Fairytale Buildings – Or are they?
The effects on your students
According to TES magazine’s January feature, classrooms in the UK tend to have been built without air conditioning, some without access to decent ventilation, facing hot, open spaces in the summer with no respite for students who cannot focus in the rising heat. Alternatively, in the winter and with energy costs rising, cold buildings that can be damp but putting the heating on may be a resource of energy inefficiency that schools are trying to cut down on as far as they can, leaving students to have to wrap up as best they can whilst still trying to work to their full potential. If furniture is uncomfortable or too hard, students struggle to do their best work and could cause long term issues; if the room is too dark or too bright with fluorescent strip lighting and no natural light, concentration and engagement suffers. Emeritus Professor Peter Barret of Salford University – the youngest ever professor appointed to the university – explains it like this in his team’s ‘Clever Classrooms’ report: “…if you are in a cramped, hot, noisy, stuffy classroom, it can really affect your ability to learn.”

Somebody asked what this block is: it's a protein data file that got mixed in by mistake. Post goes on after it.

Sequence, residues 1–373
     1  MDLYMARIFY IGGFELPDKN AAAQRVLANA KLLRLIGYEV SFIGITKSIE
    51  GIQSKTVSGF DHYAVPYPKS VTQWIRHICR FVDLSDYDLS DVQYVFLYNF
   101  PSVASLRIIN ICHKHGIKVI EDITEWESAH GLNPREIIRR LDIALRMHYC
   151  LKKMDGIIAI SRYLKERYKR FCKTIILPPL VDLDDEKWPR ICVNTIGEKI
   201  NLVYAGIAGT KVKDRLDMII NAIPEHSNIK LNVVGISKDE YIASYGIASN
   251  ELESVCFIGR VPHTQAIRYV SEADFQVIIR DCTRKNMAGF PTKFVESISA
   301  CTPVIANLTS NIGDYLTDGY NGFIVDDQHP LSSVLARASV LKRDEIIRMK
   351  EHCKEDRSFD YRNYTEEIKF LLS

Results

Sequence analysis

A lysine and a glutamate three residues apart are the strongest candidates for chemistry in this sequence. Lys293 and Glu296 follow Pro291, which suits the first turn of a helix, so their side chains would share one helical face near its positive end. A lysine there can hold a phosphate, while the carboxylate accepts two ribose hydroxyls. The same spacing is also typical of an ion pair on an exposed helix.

The Dream Classroom
The authors of ‘Planning Learning Spaces: A Practical Guide for Architects, Designers and School Leaders’ believe that every decision about classroom layout should be inspired by learning. Teachers should introduce some elements of the learning area that are flexible and can be moved to create new or additional space along with fixed spaces such as a reading area or individual study space. Envoplan’s Teaching Walls, boards and classroom colours, interesting designs and clever focus points will enhance students’ love of learning whilst enjoying their surroundings. Let students take a degree of ownership about their classrooms – what do they want to see? How are your desks laid out; can you walk easily around the room to engage with and support students as they work on their tasks? The effect of more active learning classrooms (ALC) is cited in a study from Iowa State University showing that ALC allowed students and staff to “share, distribute and co-construct knowledge, resulting in feeling of community and engagement”.